When Wolpe transitioned back to Shakespeare, as Hamlet, she had already established that her connection point to the role was a shared longing for a lost father – to which, it turns out, gender is fairly irrelevant. Her Hamlet is gendered male, but it hardly registered, since it is the searing intensity of her identification with Hamlet’s loss that powered the performance forward. It was an astonishing realization of the emotional and psychological complexity of the role, as fulfilled as any I have ever seen, but not about Hamlet’s self-constructed gender.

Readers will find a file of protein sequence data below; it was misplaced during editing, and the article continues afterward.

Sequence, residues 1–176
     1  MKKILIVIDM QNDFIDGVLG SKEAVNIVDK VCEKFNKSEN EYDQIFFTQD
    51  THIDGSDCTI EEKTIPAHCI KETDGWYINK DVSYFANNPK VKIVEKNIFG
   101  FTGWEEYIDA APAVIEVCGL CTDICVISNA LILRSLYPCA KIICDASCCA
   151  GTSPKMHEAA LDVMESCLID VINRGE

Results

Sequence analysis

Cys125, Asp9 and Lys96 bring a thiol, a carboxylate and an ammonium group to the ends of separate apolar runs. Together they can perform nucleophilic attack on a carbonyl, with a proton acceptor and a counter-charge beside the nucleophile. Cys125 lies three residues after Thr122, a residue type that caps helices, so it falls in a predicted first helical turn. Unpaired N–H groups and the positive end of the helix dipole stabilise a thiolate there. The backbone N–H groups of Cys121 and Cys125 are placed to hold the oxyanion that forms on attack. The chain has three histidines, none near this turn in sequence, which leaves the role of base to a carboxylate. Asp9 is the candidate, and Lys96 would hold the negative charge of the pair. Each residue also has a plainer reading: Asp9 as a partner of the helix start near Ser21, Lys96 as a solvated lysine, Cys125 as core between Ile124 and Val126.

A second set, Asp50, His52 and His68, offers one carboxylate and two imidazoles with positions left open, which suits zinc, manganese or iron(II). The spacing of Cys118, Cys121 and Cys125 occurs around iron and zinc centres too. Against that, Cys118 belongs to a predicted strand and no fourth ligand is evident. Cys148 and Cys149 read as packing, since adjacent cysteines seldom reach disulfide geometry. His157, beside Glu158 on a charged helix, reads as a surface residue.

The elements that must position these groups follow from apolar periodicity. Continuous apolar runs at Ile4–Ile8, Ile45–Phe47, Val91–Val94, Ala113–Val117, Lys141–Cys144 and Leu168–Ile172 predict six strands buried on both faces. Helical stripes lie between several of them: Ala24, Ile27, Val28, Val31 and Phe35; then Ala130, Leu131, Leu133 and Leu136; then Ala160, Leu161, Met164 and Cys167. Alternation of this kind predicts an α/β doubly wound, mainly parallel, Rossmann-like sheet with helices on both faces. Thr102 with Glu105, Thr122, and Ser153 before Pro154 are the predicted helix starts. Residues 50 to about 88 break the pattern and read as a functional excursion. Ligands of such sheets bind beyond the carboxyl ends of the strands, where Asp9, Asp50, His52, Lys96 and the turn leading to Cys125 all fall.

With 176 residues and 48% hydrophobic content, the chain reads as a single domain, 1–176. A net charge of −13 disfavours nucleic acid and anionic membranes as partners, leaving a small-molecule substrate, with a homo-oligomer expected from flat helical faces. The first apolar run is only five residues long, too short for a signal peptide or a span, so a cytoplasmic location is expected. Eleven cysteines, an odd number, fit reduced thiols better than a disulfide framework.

Her alternating of Shakespearean performances with personal revelations continued throughout the evening, as did her alternating male and female characters. Playing the falsely accused queen, Hermione, in the trial scene from The Winter’s Tale, the approach seemed unlike any performance of the role I have ever seen. This Hermione was not the dignified and articulate noblewoman, certain of her innocence, we usually see. This Hermione was disempowered, defeated and disintegrating right before our eyes. It was a shockingly incisive portrait of a domestic abuse victim. The only surprise in the revelation that it was based on her mother was the deftness and concision with which it was handled – a single sentence inserted as an aside into the middle of the monologue itself.